Study design

The study was done in two phases. The first phase was a diagnostic accuracy study with cross sectional design conducted at field practice areas of tertiary care hospitals from India. It aimed at determining the performance (diagnostic accuracy) of every device and level of agreement between technicians and frontline workers. The second phase, also a cross sectional study assessed the accuracy of devices in different weather conditions.

Study settings

In India, field practice sites from rural and urban areas are attached to every Medical college. For the first phase of the study, we included rural/ urban field practice areas of two Medical colleges (Jawaharlal Institute of Postgraduate Medical Education and Research (JIPMER), Puducherry and Calcutta Medical College, Kolkata, West Bengal). For the second phase of the study, All India Institute of Medical Sciences (AIIMS) Jodhpur and Rural hospital, Reckong Peo (Himachal Pradesh) were considered. The sites were considered depending on the willingness of the Head of the Institution/ Department of Community Medicine to participate in the study and with facilities for performing the reference test.

The data collection for the study was conducted between August 2018 and March 2019.

Study participants

The study population included all adult patients attending the outpatient departments of urban or rural health centres of study sites for routine investigations. Consecutive patients who underwent any haematological investigation as advised by the on-duty medical officer (who was independent of the study) were considered. Patients (more than 18 years and less than 60 years) who gave informed consent were recruited in the study. Pregnant women, children, seriously ill patients and those with known bleeding diathesis were excluded due to ethical reasons.

Test methods

Hematological auto-analyzer was selected as the reference test (gold standard) [4]. This system is an automated blood cell counter which measures Hb using non-cyanide method. The automated cell counters certified by external quality check were used as gold standard for the study.

Index tests included HemoCue 301, TrueHb version 1.2, Massimo non - invasive pulse oximetry version and AJO Spectroscopic device, version 1.0. Standard protocols were followed to conduct the testing. For Invasive tests, Hb concentration was measured using capillary and venous blood samples. The details of the devices are described elsewhere [19].

Main outcomes

The diagnostic accuracy of the devices were expressed in terms of sensitivity, specificity, predictive values, likelihood ratios and Area under the curve (AUC).

Sample size

nMaster 2.0 software was used to estimate sample size. Sample for the first phase (diagnosis accuracy study) was calculated using prevalence of anemia as 50% [4], sensitivity of  82% [4, 5], and 5% level of significance. A sample size of 600 was considered adequate to assess the diagnostic accuracy of every device [19].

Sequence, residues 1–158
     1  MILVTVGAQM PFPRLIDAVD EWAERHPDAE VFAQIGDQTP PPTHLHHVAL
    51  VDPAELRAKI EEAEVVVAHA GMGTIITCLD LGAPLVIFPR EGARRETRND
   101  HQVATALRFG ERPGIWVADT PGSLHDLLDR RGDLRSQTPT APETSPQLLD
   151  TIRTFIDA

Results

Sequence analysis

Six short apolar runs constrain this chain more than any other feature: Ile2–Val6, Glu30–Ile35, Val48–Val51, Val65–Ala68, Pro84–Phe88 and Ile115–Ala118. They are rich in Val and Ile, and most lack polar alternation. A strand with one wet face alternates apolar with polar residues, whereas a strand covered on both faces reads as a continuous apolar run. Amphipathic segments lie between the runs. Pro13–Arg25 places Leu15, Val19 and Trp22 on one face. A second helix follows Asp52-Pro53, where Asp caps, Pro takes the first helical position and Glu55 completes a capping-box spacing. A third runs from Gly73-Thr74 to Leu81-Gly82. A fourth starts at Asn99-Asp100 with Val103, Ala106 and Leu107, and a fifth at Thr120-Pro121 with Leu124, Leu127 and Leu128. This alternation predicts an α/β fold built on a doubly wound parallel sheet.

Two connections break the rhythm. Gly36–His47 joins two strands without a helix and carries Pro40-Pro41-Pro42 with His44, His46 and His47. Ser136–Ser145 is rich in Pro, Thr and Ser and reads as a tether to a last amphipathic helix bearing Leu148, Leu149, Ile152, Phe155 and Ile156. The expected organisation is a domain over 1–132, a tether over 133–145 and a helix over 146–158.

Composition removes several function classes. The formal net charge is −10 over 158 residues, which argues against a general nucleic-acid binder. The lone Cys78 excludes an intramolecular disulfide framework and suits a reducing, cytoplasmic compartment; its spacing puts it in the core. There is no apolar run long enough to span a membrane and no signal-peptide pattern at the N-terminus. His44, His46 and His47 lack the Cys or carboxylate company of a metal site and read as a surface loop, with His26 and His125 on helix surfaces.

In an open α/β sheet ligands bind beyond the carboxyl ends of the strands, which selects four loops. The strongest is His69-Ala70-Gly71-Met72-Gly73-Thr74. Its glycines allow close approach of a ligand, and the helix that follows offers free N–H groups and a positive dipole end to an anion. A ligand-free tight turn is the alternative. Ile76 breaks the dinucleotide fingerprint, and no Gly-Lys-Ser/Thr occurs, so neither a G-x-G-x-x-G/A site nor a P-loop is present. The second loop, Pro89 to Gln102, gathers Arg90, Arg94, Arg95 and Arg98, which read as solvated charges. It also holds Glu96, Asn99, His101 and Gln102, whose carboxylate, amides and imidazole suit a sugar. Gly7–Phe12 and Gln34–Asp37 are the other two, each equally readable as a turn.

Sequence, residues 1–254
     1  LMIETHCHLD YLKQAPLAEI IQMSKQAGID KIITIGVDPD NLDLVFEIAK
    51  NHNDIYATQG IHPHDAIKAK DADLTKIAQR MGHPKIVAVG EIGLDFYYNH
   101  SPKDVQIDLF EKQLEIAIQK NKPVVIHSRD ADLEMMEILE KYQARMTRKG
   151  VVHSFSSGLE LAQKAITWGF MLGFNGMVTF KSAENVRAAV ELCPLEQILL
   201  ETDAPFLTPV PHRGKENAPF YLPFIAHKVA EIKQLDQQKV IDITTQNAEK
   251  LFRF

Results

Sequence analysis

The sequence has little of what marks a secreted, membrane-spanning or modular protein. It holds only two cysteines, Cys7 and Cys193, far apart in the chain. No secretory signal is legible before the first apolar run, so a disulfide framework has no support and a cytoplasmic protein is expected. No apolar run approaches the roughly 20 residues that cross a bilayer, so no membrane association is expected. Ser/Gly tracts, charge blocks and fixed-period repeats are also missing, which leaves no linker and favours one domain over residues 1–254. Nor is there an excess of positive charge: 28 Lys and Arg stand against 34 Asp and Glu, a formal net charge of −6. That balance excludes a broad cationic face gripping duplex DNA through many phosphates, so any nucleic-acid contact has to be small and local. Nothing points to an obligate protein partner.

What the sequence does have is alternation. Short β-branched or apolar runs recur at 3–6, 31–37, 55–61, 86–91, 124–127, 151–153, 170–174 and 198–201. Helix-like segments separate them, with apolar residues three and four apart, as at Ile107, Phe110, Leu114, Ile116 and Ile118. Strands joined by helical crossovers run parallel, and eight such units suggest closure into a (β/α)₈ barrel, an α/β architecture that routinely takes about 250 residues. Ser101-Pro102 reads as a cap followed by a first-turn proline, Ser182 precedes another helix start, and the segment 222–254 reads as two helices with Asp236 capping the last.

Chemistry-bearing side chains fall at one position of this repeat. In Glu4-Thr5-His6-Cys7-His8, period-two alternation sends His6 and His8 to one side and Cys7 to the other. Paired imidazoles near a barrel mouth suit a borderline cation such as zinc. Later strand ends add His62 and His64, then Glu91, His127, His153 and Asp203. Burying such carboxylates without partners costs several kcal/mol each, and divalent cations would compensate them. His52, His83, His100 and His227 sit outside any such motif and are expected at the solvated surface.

To assess the performance of the devices in different weather conditions (second phase of the study), we assumed a population agreement of 0.7, sample agreement of 0.9, prevalence of 30% obtained from first phase of the study, power 90%, for two sided test at 5% level of significance. The required sample size was 156 that was rounded off to 200.

Data collection and management

For the purpose of the study, each patient underwent two index tests (one invasive and the other non invasive) apart from the reference test. A schedule was prepared with alternate days earmarked for the devices. On any given day, the same set of devices were used for all patients to avoid any bias. The index tests were always performed before the reference test. The blood samples for the index tests and the reference tests were collected in the same sitting and there was no treatment administered in between. For the venous sample and autoanalyzer readings, the same sample was used.

Different methods were followed for collection of data for the index and reference tests. Data collection for index tests was done by three research staffs (qualified medical laboratory technicians) and four frontline workers per site. They were trained on the study protocol. They recruited the eligible patients after taking written informed consent, performed the index tests (one invasive using venous blood and one non-invasive), entered data in a tablet directly and transferred data to the investigators daily. The form was inbuilt in a tablet uploaded with an android based mobile application tool Census and Survey Processing System (CSPro). Checks were in-built within the system to track any tampering with the data, if at all it was there.

Four ANMs or frontline workers performed the index tests in a separate room (one invasive using capillary sample and one non-invasive) on the same patient in the same sitting. Data were entered in paper forms by frontline workers and sent to investigators every week.

To ensure blinding, the reference test (by using autoanalyzer in this case) was performed by the laboratory technician of the haematology laboratory who was independent of the study team. Data on reference test were collected by Site Investigators on paper forms and transferred electronically to the Investigators. Data from both the sources was then matched based on the unique Identification number given to each study participant and merged with the main data.